In the early days of computer technology, the tools for the collection and analysis of information were limited to cardboard sheets with binary codes that were inserted into computers in the 60s and 70s. The punch card had its first use in the textile field. specifically in the machines of Joseph Marie Jacquard to make fabrics in the year 1801. But it was the British Charles Babbage , the first to use the punched card in the computer area to control a mechanical calculator designed by him. In 1890, the American Herman Hollerith used the punch card to collect and analyze the information from the United States census. and promoted the use of this tool until the 50s of the 20th century.
The punch card is a sheet of cardboard that can store information in binary code . This was the first tool that computer science used to enter information and instructions into computers in the 60s and 70s. The British scientist Charles Babbage was the one who first used this sheet in the field of computer science in order to control a calculator mechanics of his invention. However, the one who used this type of tool for data processing was the American Herman Hollerith.
- Punched card features
- How the punch card works
- What is the punch card for?
- Storage capacity
Punched card features
The punch card Hollerith used had the following characteristics:
- It was made of cardboard.
- Its dimensions were 90mm. by 215 mm. What a US dollar measures.
- It had round holes and 20 columns.
- Its color was yellowish.
The history of the punch card dates back to 1725 with the French Basile Bouchon and Jean-Baptiste Falcon . They used perforated paper rolls to control their textile looms .
In 1802, Joseph Marie Jacquard improved the technique of punched paper rolls by replacing them with punched cards on his looms.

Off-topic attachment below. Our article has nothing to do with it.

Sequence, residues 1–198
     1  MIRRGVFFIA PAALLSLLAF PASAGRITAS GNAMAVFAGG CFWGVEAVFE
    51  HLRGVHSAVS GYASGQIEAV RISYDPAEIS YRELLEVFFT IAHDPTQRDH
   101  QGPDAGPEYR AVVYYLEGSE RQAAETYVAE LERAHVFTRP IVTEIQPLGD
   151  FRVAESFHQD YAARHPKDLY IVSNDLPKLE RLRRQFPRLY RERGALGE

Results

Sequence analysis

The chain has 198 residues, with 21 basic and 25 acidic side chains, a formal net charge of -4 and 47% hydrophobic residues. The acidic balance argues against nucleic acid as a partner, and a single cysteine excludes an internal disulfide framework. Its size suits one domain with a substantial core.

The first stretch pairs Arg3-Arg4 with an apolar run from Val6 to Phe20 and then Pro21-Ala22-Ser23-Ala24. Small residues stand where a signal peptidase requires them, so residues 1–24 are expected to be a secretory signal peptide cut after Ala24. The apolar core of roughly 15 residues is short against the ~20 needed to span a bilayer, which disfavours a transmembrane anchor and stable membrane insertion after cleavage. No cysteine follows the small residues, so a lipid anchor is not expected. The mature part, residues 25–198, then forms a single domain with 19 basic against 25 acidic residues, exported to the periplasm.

Years later, the British scientist Charles Babbage used the punch card to control the mechanical calculator he had invented. However, the one who makes the most use of it is the American Herman Hollerith , who adapted punch cards to carry out the United States census in 1890 .
Herman Hollerith as the founder of the IBM company was able to market many technological equipment to create, order and tabulate punch cards for many decades until the 1950s, when they became the main means of data entry and storage worldwide . IBM’s best-known punch card was the 5081 and it was so popular that other companies copied its format to sell it as a standard product.
In our days, the punch card is a reference of the first computers since these were supplanted by other electronic, optical and virtual storage formats.
How the punch card works
Punch cards work with binary code , that means that where there is a small hole it means Zero (0) for the machine and when there is no hole it means one (1) for the machine. This translates it into results issued by the computer . Each of the spaces where a hole can be made is known as bits ( acronym for Binary Digit) to later be known as chad or chip (for IBM).
What is the punch card for?
Punched cards were first used by J.Jacquard in 1902 to control the operation of looms mechanically. But Hollerith was the one who used them to work the information and for computing using electromechanical tools.
This first invention of Herman Hollerith evolved to the punch card, a system for computing data that was patented in 1889.
These cards were used by Hollerith in his tabulating machine – the second best-known invention of this inventor – to process data from the 1890 census in the United States, in which data from 60 million cards were processed in a period of three years. . The tabulating machine invented by Hollerith had the capacity to analyze 300 cards per minute.
The storage capacity of the punch card varied according to the number of questions that had to be asked and the answer to which would be marked on the card.
For example, in the case of the cards designed by Hollerith for the United States census in 1890, they had 20 columns of questions that could be answered with yes or no, with yes being a perforation.
In 1928, the IBM company developed new punch cards with 52 and 80 columns to store and analyze more information.